Luke is now a favourite gospel too. I could appreciate his Greek heritage and medical training in his attention to detail. I often felt his words placed me quietly in the scene and showed me small moments of humanity in the face of the divine.  

It was exciting to read the genealogy of Jesus in Matthew as I recognized the names listed because I had read all the Old Testament! He wrote as a Jew for a Jewish audience to share that Jesus was the Messiah, and the text is rich and beautiful.

Both letters to the Corinthians and 1 Peter felt personal. Hebrews is a gem to understand the gospel. If I had to pick a favourite epistle, it would be Galatians. Finally, the book of Revelation was a phenomenal read. Purely from a reading standpoint, the book captures the imagination, frightens, and convicts. Regarding faith, it seals a precious Truth for the believer – God is in control, and His justice will prevail.

When I finally got to the New Testament, I read relieved and hopeful! Jesus is God confirming His intentional love and care for humanity. He is the promise in Genesis 3:15 delivered to fulfill what all the prophets foretold. Jesus embodies the ideals that wisdom literature points to.  He comes to show in human form the holiness and power and justice and love of God displayed throughout the Old Testament.

He is King and present in creation, yet also intercepts human history and binds Himself to the laws of space and time He fashioned. He came to fulfill the sacrifice that up to then could only be fulfilled by ritual through the law. He filled the gap of our inadequacy, which the law pointed to all along – our incapacity to attain holiness on our own. I wish I were a better writer to convey what my words fail to express!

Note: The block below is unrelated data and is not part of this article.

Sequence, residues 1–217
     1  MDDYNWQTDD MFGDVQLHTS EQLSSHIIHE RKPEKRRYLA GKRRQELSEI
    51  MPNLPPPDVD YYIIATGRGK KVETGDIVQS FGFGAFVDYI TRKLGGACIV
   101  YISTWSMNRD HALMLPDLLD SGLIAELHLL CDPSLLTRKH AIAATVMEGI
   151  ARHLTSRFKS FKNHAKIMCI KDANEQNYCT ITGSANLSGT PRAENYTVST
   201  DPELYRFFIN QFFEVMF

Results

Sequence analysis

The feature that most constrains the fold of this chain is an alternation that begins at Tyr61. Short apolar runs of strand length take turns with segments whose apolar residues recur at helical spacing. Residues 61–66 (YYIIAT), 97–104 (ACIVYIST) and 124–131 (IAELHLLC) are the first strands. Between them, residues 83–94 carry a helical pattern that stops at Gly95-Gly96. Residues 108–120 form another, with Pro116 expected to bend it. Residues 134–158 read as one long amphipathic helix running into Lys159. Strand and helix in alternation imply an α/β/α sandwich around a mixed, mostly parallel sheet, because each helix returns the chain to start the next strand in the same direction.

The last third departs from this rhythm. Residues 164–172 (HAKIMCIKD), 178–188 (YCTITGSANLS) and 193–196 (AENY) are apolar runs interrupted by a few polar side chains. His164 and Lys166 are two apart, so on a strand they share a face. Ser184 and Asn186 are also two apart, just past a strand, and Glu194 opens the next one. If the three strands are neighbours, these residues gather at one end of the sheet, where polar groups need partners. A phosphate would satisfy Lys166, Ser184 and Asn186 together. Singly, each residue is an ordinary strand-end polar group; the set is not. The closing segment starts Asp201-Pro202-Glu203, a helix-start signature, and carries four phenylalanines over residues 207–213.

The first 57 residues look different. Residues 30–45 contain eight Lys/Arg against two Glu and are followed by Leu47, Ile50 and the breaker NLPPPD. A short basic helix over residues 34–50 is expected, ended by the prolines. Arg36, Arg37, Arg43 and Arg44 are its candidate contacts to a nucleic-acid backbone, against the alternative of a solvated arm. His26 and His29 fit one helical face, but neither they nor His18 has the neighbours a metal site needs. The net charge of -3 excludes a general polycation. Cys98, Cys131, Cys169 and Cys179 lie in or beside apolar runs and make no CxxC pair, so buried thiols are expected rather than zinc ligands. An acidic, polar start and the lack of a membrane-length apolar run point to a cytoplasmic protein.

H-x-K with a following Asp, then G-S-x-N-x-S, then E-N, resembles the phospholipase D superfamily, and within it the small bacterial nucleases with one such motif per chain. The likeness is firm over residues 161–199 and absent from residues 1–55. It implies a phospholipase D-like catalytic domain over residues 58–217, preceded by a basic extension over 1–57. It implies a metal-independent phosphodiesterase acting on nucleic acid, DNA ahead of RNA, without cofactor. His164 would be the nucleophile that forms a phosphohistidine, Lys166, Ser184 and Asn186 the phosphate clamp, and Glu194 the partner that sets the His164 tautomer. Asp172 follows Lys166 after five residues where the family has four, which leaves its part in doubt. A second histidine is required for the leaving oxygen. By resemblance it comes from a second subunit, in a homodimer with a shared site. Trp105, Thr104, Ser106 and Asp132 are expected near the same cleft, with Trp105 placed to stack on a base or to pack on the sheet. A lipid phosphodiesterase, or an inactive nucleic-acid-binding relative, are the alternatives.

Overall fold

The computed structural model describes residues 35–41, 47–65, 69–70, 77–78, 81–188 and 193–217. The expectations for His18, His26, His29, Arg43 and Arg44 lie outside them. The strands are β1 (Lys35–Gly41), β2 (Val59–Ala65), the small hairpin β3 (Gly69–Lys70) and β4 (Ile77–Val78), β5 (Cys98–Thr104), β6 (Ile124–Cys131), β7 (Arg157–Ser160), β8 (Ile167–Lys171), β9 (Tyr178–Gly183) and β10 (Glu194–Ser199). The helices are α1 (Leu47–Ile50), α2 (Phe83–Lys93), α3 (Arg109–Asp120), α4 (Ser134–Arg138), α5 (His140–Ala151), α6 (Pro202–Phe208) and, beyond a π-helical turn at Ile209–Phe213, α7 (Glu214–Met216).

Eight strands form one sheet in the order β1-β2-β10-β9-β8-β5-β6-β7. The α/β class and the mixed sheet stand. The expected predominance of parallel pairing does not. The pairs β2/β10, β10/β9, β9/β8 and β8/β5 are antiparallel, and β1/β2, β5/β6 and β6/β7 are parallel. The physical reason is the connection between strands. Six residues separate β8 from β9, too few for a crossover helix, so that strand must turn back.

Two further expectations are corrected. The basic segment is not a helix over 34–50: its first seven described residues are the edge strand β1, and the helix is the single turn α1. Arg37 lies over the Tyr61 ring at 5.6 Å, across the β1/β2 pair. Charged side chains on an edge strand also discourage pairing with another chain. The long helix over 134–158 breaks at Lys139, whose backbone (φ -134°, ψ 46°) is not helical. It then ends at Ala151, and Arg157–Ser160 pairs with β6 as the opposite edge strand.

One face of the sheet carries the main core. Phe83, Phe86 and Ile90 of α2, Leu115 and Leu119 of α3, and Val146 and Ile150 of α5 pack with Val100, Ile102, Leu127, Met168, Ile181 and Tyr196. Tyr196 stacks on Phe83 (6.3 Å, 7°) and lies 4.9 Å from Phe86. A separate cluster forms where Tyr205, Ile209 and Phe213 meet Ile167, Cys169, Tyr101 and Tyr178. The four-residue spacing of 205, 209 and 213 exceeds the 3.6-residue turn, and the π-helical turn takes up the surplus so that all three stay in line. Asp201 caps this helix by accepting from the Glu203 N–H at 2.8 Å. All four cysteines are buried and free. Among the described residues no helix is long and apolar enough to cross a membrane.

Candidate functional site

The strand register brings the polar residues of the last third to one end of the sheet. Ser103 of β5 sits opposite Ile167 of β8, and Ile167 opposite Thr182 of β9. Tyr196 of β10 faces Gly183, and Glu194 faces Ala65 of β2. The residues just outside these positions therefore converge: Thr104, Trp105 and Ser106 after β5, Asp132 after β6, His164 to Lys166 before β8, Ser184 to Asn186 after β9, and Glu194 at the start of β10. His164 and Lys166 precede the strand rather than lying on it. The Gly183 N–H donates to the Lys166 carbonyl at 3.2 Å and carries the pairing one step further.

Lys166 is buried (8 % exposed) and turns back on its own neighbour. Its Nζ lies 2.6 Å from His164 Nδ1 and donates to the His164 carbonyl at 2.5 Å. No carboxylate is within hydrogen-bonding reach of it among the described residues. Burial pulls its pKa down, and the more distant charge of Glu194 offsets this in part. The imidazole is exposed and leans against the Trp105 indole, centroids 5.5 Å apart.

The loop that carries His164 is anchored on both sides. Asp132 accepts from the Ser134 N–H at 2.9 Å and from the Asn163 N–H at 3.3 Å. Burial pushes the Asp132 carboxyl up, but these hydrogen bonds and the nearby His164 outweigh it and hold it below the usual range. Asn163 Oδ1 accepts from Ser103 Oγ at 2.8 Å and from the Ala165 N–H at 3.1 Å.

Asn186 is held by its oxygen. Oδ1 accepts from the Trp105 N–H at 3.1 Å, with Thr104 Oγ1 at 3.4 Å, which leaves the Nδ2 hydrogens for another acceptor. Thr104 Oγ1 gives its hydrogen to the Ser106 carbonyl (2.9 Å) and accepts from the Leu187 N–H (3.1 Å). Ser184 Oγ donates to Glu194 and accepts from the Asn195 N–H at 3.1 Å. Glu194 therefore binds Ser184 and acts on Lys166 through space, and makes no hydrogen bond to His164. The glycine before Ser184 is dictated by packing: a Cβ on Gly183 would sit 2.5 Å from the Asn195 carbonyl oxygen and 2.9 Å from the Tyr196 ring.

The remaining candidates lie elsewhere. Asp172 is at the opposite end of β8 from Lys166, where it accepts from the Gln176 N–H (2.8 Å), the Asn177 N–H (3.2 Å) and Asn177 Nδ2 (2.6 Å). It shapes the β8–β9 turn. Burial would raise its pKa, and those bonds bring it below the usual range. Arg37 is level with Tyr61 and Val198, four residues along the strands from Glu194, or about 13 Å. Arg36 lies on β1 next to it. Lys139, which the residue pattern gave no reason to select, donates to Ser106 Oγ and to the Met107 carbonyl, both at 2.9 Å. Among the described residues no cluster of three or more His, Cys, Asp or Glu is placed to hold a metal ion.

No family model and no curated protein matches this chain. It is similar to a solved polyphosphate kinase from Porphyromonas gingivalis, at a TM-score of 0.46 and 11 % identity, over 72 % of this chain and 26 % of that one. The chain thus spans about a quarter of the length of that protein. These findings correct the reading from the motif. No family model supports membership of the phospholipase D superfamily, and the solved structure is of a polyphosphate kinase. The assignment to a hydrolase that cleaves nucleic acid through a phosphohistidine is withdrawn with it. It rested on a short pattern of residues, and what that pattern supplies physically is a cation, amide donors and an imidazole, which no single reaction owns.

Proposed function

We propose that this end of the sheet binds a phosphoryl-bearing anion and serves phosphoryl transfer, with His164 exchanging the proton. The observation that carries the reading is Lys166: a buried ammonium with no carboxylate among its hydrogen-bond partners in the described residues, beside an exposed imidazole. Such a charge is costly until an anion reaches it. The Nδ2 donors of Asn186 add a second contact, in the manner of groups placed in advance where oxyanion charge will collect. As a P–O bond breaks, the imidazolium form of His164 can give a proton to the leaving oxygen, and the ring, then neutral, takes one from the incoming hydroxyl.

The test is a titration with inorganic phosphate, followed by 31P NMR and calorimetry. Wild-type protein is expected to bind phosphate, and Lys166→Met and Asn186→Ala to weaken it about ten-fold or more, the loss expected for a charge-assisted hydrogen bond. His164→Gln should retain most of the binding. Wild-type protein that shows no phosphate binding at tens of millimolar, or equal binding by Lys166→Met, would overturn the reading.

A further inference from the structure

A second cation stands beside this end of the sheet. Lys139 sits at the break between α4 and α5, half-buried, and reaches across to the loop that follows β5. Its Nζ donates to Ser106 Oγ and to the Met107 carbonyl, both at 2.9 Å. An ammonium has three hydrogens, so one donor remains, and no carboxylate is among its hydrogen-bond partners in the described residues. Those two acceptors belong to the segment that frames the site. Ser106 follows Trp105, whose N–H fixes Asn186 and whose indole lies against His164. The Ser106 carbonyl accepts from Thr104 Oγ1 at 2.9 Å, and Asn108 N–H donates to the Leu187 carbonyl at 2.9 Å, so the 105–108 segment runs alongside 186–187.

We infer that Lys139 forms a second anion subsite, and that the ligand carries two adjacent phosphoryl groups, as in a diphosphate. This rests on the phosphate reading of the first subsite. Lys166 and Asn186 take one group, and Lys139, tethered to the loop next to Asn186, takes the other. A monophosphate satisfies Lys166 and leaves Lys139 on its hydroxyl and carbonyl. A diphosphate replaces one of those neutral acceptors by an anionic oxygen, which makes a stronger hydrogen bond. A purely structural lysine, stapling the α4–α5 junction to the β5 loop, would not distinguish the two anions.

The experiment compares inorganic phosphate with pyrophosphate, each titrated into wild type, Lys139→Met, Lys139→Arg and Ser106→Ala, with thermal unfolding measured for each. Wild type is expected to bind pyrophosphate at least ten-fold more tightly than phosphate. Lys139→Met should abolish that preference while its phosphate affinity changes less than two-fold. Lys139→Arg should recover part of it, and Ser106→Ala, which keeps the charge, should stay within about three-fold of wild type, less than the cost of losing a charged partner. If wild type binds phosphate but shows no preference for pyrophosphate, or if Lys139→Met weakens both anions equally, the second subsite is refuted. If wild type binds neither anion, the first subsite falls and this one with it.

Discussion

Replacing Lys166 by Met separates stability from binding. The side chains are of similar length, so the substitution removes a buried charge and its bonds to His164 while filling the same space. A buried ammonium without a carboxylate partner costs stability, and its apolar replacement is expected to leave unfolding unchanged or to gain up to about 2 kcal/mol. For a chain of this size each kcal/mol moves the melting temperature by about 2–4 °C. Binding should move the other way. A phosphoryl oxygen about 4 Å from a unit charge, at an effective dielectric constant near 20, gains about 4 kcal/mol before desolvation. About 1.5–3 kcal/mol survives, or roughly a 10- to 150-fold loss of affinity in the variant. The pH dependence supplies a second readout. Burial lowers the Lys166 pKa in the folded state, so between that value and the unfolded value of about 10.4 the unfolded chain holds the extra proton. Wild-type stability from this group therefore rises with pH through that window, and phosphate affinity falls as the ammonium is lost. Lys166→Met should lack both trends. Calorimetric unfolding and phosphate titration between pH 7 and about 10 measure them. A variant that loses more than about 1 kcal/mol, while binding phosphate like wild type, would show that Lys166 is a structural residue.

I loved the experience of reading the whole Bible in chronological order and hope to do it again. But it is the reading of God’s Word that I want to encourage you to do. You don’t need to read it in chronological order to yield meaningful fruit.

All you need is to open your schedule, your Bible, and your hand to receive what He will give you through it. Establish a conversation with God today. He speaks through His Word, we respond by praying.

If you struggle, pray for a teachable heart and show up. That’s all. It doesn’t have to be fancy, complicated, or look a certain way. Ask a friend to do it with you or build accountability by sharing what you are learning. Put one foot in front of the other in the direction of His Word. Don’t let the tyranny of perfection get in the way.

If any given day all you have time to read is a couple of paragraphs or a handful of verses, read that and make it count. Chew on it, ask God to meet you there. Look for what the story or passage informs of His character, and how that changes you. Dig deeper; I promise you no endeavour is worth more your time and effort.